Plants, Stone, California Landscapes


The Jorge Oteiza Museum

The day before Chillida Leku, I went to the Jorge Oteiza Museum in Pamplona. Oteiza was a mid-century Basque sculptor. He was friends with Chillida and other modernists, and his work overlaps with them and was influential, though I don’t really know if he’s well-known these days or not. He was an ideas guy, a lot of his stuff is interesting, and some of it is almost good, but almost all of his ideas seem to have been developed into better sculptures by other artists. The museum paired well with a visit to Chillida Leku the next day, though I don’t think Oteiza does well by the comparison. Chillida’s sculptures are much much better.

Oteiza started with figurative work and did pretty well with it. The works are pretty good but noticeably derivative, almost every one can be identified as a Giacometti or a Henry Moore or a Brancusi, etc… He seems to have realized that, because he gave up on figurative work and only did abstract work for a while, and then eventually he gave up on that too. I’m not sure when he got the idea of turning his house into a museum, but after he died they built a modern concrete structure around the farmhouse where he had lived. The building is — like the sculptures — interesting and almost good, with some odd details such as windows that only go up to your waist.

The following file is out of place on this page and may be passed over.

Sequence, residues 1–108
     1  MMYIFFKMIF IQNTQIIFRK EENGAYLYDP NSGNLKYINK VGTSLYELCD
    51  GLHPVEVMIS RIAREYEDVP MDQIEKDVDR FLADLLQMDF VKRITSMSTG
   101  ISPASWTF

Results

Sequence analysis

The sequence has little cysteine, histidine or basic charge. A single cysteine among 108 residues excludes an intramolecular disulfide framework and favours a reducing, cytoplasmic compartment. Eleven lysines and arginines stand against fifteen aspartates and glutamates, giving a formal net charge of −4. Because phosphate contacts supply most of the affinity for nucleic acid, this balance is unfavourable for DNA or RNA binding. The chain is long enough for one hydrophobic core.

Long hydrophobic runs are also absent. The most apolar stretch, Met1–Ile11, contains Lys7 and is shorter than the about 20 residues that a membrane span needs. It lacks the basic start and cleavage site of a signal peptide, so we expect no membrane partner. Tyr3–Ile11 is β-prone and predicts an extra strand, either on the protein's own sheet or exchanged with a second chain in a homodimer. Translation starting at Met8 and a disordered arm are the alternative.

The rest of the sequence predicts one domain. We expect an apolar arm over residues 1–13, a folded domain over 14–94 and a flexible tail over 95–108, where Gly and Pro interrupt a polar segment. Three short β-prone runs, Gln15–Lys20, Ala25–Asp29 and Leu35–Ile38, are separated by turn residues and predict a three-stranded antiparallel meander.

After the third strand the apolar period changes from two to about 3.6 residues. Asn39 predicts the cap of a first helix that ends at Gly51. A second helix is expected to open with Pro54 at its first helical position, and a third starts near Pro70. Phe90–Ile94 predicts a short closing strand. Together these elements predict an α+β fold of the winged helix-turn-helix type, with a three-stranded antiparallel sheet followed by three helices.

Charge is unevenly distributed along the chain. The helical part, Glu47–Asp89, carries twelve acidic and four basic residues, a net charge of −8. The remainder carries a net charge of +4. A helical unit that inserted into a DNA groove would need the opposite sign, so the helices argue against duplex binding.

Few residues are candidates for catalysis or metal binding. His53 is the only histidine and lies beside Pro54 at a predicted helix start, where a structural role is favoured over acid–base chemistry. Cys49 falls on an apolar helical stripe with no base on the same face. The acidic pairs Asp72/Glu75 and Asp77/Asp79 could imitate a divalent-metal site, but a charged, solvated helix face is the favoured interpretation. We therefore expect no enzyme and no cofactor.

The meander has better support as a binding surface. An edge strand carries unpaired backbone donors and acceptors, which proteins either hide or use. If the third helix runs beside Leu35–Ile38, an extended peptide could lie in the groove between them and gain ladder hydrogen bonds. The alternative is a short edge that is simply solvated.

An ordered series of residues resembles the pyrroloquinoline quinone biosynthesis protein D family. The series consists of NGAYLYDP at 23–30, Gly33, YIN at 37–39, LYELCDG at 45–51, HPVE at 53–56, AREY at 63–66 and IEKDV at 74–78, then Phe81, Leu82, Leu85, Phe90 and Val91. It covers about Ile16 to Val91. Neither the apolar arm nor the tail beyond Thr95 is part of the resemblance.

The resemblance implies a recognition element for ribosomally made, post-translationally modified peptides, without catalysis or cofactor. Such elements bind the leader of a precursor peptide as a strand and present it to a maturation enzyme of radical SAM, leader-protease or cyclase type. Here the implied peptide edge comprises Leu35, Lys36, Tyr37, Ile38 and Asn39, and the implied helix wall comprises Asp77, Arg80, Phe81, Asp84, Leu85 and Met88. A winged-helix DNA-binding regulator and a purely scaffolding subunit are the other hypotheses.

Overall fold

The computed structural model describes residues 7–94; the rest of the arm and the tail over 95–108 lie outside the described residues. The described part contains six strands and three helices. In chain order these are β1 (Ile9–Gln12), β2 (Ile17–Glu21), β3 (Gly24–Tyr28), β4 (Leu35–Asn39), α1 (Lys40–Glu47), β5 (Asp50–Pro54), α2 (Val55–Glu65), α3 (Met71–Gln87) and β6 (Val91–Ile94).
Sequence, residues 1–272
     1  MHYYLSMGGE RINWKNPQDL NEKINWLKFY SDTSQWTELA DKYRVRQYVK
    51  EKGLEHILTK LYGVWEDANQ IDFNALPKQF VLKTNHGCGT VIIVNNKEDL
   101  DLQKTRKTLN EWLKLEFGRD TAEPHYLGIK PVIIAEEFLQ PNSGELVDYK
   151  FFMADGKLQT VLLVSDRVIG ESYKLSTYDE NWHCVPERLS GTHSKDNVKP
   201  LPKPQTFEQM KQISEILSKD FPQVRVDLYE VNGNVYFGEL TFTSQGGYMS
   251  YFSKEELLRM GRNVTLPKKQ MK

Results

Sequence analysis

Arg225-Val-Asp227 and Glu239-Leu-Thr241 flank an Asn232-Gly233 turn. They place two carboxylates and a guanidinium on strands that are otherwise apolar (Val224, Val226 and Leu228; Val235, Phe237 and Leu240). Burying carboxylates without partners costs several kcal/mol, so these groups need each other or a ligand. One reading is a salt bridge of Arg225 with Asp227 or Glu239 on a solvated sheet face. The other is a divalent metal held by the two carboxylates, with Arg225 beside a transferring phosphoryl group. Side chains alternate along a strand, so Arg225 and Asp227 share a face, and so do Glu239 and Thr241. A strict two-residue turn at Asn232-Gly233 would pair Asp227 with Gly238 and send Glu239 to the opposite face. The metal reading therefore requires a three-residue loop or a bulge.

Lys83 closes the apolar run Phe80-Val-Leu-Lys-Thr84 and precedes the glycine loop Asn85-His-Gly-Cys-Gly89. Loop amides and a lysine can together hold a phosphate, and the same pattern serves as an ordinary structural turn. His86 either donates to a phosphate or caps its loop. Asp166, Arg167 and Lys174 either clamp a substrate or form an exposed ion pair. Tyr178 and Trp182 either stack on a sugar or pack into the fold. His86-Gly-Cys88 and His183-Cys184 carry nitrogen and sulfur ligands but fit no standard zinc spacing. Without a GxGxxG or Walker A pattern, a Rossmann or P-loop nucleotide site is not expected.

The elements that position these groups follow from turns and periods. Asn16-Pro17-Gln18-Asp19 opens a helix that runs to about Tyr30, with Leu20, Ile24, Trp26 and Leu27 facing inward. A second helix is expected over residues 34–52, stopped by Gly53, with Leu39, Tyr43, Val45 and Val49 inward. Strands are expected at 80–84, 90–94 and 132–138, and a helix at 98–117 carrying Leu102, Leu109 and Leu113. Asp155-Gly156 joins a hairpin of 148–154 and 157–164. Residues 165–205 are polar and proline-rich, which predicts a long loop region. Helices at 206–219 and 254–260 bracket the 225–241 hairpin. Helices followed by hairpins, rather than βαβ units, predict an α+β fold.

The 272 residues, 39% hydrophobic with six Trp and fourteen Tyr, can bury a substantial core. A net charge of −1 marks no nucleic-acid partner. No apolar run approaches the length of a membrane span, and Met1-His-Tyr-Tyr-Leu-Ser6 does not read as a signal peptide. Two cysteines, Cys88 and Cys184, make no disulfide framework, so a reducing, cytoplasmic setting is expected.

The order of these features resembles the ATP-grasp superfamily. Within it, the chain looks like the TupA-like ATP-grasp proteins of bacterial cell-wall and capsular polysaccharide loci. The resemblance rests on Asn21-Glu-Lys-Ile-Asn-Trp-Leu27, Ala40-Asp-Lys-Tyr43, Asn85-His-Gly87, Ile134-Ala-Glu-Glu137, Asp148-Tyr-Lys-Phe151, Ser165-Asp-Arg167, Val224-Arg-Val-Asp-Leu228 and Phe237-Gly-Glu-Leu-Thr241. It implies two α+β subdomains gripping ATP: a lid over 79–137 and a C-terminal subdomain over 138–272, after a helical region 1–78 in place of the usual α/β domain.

The sculpture on the right above and in the photo below is one of his best and I think it influenced Chillida’s Lo Profundo del Aire series. Oteiza got interested in creating holes in his sculptures so that light could shine through and create what I think he called ‘light worms’, there was supposed to be a spiritual energy created or revealed or activated somehow. It doesn’t look like much, but I sketched it and came to appreciate how light is cast through the holes and projected onto the face inside the carved groove, it’s more sophisticated than I realized at first glance.

I like the wall pieces.

The one below is legitimately good, the ones above I’m not so sure.

This last one, Desocupacion de la Esfera, is in Bilbao. I think it’s supposed to be about the space inside the steel, which… I guess. It’s fine, but then a few days later I saw Chillida’s Elogio del Horizonte in Gijón, which is much more successful with that idea. When you stand in it you can feel the column of air created around you. I think that’s at least a little bit an Oteiza idea, but it’s entirely a fantastic Chillida sculpture.

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